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Non-Formal Education

What Future for Refugee Youth?

As the largest per capita recipient of refugees in the world, Lebanon’s schools and community organizations struggle to cope with the influx of millions of refugees.

More than half of these new refugees in Lebanon are under 18 years old. Both Palestinian and Syrian refugee children drop out of school at an alarming rate. Now, a young generation of refugees may never get the chance to go to formal school at all.

Refugee camps in Lebanon lack safe spaces for learning, training and recreation, and many kids can’t afford the cost of transportation to schools and training centers outside the camps. Older students often feel the need to earn income to support their families, especially given that job opportunities are severely limited for Palestinians in Lebanon, despite academic achievement.

Meanwhile, Syrian youths have missed several years of school, and find themselves unable to adjust to a new curriculum. Overall, the lack of resources creates a culture of competition that causes tension among Lebanese, Palestinian and Syrian communities, exacerbating the situation.

Pathways to a Better Future

There is a future for refugee youth in Lebanon. Anera’s non-formal education program focuses on bridging the gaps in education for Lebanon’s most vulnerable population. We also emphasize the social and emotional well-being of teens who have experienced trauma or have no respite from tough refugee camp life.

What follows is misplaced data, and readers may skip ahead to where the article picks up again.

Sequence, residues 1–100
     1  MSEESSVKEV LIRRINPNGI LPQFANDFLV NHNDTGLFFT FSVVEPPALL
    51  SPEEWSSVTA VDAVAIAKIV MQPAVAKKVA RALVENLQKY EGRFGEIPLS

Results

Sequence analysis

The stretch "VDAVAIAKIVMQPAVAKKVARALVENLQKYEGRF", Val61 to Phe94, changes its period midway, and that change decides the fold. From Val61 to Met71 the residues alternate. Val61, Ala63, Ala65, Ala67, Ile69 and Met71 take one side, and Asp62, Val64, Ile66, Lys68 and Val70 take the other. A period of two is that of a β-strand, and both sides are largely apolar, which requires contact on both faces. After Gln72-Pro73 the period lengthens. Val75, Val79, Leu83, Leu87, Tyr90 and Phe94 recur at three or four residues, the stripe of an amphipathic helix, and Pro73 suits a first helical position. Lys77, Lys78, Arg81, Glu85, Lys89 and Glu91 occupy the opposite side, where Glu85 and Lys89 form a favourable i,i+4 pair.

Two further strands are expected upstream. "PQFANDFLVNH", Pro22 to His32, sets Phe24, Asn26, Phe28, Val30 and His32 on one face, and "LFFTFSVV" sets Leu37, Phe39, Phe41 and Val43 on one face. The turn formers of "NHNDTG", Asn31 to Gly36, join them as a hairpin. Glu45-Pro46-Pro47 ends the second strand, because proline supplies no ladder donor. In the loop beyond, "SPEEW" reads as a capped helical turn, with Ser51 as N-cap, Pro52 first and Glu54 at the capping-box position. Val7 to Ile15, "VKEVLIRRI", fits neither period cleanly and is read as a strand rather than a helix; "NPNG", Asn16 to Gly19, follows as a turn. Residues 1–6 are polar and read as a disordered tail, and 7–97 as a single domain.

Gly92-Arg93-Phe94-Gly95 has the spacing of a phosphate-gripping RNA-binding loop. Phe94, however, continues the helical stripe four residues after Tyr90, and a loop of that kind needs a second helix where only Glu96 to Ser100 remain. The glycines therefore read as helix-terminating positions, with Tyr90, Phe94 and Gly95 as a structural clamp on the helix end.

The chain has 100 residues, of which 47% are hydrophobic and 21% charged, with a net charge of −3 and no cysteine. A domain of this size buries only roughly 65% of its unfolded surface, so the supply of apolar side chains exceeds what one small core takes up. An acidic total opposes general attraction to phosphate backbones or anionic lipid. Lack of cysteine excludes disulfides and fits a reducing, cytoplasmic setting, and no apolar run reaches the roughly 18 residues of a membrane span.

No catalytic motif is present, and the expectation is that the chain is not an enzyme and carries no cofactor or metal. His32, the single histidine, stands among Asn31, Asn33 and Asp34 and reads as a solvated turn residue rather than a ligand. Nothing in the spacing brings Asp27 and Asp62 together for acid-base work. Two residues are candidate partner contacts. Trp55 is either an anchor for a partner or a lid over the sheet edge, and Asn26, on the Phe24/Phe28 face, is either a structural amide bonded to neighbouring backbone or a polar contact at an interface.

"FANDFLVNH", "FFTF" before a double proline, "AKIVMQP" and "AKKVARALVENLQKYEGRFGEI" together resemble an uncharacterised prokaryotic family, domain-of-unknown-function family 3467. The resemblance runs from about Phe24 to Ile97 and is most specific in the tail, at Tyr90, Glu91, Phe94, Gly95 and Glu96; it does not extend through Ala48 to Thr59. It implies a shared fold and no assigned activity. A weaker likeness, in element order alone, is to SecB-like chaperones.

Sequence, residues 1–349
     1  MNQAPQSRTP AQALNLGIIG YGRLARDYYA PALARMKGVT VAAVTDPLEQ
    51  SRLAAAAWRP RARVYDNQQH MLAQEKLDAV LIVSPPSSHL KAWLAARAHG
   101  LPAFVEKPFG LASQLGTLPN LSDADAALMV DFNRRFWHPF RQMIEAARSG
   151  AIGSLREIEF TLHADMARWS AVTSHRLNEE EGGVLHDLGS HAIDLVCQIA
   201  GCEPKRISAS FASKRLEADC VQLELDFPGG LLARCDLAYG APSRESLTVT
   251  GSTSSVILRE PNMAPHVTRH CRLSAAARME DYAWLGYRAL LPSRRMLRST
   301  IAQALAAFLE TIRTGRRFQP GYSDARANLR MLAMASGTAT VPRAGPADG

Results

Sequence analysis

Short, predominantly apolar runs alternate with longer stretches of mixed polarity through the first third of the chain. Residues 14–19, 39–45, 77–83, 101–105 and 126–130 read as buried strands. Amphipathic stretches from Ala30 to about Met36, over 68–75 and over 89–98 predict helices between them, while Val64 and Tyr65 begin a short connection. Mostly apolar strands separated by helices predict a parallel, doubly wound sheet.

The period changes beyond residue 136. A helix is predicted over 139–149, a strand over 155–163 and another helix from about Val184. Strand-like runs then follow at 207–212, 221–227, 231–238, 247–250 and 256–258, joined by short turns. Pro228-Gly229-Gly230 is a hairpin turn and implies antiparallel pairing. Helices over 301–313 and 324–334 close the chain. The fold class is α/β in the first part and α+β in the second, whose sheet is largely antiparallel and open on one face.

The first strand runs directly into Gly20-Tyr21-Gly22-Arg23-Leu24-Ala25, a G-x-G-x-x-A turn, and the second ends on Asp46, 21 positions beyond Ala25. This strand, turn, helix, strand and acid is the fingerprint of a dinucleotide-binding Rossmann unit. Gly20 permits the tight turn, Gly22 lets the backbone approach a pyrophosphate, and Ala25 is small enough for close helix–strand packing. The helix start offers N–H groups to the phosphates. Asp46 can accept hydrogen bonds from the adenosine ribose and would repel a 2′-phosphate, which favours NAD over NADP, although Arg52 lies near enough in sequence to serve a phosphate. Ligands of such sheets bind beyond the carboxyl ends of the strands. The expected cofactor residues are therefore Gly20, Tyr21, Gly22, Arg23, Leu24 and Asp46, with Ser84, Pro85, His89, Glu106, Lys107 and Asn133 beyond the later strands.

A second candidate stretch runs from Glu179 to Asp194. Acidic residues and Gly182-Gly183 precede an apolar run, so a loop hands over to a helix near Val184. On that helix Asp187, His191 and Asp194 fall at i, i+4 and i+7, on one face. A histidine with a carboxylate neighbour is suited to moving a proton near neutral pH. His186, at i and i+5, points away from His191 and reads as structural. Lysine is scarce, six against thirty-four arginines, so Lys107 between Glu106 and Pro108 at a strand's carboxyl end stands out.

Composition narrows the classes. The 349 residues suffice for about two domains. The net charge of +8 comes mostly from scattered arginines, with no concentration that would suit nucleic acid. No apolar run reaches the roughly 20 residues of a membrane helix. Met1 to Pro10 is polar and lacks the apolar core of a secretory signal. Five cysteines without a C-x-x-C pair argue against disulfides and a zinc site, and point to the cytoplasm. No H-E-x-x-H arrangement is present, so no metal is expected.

Flexible classes located inside or adjacent to camps and tent settlements provide youth with basic Arabic, English and math training at a variety of levels. Through the refugee education courses, some students are directed to an Accelerated Learning Program or to formal education in Lebanese schools. Other students develop these competencies to keep up with their peers or to enter the job market.

6,922 youth enrolled in Anera’s basic literacy and math courses across Lebanon in 2016.

Anera also offers life and health skills courses, ranging from embroidery and soapmaking to conflict management and hygiene promotion. Similarly, academic classes are usually complemented with sports tournaments and athletic courses that incentivize kids to get involved. Through these opportunities, youths connect with their peers and engage in activities that will improve their confidence and sense of self-worth.

Our Approach to Refugee Education

  • Training Leaders

    We train teachers and community leaders to sustain our programs. 

  • Community Involvement

    We engage the greater community in campaigns to promote education.

  • Accessible Education

    Accessibility matters: we do our best to accommodate all learners.

  • Safe Spaces

    Anera creates safe spaces for learning and socializing near refugee camps and tented settlements.

  • Gender Inclusivity

    Gender inclusion and cultural sensitivity are considered every step of the way. 

  • Flexible Classes

    Our short, flexible classes meet students where they are, to provide them with the skills they need.

16-year-old Sami from Aleppo dreamed of being a doctor, but when he became a refugee his life changed drastically. Now, he's finding hope again...

"Before this workshop, I didn't know how to use a computer. I've learned Windows and Office and now I'm learning PowerPoint, too."

– Walla, 17, Fnaydeh Lebanon

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